Older forms of plaster are typically composed of lime, mortar, horsehair and other additives. But we can't even guess what your ceiling may contain.

IF there is a reason to be concerned, such as a need for disturbance, demolition, repair or other dusty procedures, and if no one knows what material is installed, it would be prudent, and inexpensive (about $50. U.S.) to have a certified asbestos lab test a representative sample of the ceiling material.

See ASBESTOS TESTING LAB LIST for access to certified asbestos testing labs in the U.S. or if you're in another country just ask me for further help.

Question: are 10 year old acoustic ceiling tiles toxic?

(Feb 19, 2015) Sandy Lampinen feb 19, 2015 said:
We are removing armstrong acoustical fireretardant ceiling panels.The box of extras says contractor series, commercial equivalent (770), bp935 a 08, random textured, 24" x 24". These were installed approx 10 years ago. Do they present a danger now being removed? Are they a toxic material?

Reply:

No. One would not expect a ten year old ceiling product to contain asbestos.

Question: Should unpainted asbestos ceiling tiles be painted over?

(Mar 6, 2015) Concerned said:
Should unpainted asbestos ceiling tiles be painted over?

Reply:

Painting the ceiling is optional and not required if it's in good condition.

Question: is the light gray powder on my floors asbestos from the ceiling tiles?

(May 19, 2015) Christine said:
I live in an old school building and when I sweep my floor I get a lite grey gritty powder on my floor.Is this stuff possibly asbestos falling from my ceiling tiles?Thank you.

Reply:

I can't say, Christine as we don't know what your ceiling is. It's not costly (about $50. U.S.) to have a certified asbestos test lab examine a dust sample.

But before spending even that you might ask about just what are the components of the building ceiling. It would be quite odd for so much of any ceiling product to be falling onto the floor below that you'd get a regular amount of dust or debris sufficient in quantity that you'd see it whenever you swept the floors.

See

ASBESTOS TESTING LAB LIST and

(May 19, 2015) Christine said:
Thank you for replying back to my question.I have square,drop ceiling tiles.I did see a picture of the kind I have on this sight somewhere

.They are painted over and in good condition and when I ask the maintenance guy about the dust he said it was paint falling from the tiles.I told him it was not because I also get little paint balls that I can identify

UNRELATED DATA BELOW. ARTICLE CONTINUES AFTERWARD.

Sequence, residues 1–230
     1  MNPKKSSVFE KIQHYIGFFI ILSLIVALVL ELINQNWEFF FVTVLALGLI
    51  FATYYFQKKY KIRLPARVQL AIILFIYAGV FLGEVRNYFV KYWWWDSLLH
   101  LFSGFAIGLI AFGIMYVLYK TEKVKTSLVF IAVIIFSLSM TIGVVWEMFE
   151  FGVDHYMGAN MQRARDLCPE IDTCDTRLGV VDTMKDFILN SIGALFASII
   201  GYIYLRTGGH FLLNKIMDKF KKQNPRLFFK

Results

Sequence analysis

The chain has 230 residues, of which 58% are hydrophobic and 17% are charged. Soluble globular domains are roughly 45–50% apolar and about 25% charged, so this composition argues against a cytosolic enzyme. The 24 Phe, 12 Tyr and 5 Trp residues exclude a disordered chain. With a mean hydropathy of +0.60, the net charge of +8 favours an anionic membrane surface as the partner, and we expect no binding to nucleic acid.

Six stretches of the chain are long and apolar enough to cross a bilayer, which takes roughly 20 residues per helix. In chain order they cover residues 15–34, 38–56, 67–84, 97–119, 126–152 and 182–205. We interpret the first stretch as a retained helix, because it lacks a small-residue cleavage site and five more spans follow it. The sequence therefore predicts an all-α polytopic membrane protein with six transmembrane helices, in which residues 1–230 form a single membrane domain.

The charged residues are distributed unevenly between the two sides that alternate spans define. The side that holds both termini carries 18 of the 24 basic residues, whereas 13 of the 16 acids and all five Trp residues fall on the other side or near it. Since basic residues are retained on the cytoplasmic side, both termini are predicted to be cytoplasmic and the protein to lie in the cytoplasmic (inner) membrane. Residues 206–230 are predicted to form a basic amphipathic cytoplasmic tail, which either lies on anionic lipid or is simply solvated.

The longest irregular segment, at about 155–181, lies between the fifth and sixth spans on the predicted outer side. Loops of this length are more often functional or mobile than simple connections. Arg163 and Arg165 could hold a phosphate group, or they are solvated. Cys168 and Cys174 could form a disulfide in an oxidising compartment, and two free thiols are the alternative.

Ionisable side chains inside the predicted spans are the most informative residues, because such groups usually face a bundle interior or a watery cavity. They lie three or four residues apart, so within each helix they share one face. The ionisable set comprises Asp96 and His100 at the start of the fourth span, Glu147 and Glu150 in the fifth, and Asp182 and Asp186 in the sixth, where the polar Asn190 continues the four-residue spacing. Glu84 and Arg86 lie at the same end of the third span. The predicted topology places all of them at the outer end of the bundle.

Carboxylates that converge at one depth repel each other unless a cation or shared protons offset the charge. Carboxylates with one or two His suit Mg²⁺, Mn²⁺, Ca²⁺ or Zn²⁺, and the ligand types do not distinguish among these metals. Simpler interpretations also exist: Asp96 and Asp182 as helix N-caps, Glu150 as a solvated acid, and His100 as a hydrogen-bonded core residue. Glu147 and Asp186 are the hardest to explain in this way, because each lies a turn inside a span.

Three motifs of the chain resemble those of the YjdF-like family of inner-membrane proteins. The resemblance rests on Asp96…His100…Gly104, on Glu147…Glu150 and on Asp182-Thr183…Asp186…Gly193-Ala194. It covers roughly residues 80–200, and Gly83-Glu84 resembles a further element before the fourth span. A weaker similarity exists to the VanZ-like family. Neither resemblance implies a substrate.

. It is the white/ blueish powder stuff that I find on the floor.The school building is @ 100yrs old and some residents have bad ceiling tiles and have the same thing occurring and some believe there is possible mold in there tiles and through out the building especially in the laundry room.

There is always a problem with overflowing toilets and other things causing water damage.Just this past winter a pipe broke in laundry room and flooded the floor.I understand by what I am asking you it is hard to answer,but I would like to ask you could this mold and maybe asbestos ,if a women were pregnant, living under these conditions,could it cause the baby to be born with kidney disease? I ask this because my granddaughter was born with kidney disease.The doctors cannot find the cause of her kidney disease.

She is three years old now and just received a kidney transplant and we were very concerned as still are the affects of her living in these conditions.

For what I've been told in past five years living here that he owners do as little as possible as far as maintenance goes. I have been diagnose with COPD and have breathing problems and chest pains and fluids in my lungs and sinuses all the time.

I understand if you cannot give me an answer and I know about testing and all,but money is tight and cannot afford. THANK YOU FOR CARING,GOD BLESS.

Reply:

Christine,

I have sympathy for the question about health risks to pregnant women and babies, but that is a question that you need to ask your doctor.

And before getting too scared about what's falling off of the ceiling (or coming from somewhere else) there are two approaches that make sense to me:

1. a professional inspection of the building to identify visual evidence of health or safety hazards, for example: visible mold over more than 30 sq.ft. of contiguous material, a history of sewage backups not properly cleaned, visible, obvious asbestos that is in fragile condition or being damaged or spread in the building, lead paint hazards, slip trip and fall hazards, etc.

2. to investigate specific dust samples that represent common building conditions, I'd send a representative sample or two to a professional.

Question: relating asbestos & lead hazards in buildings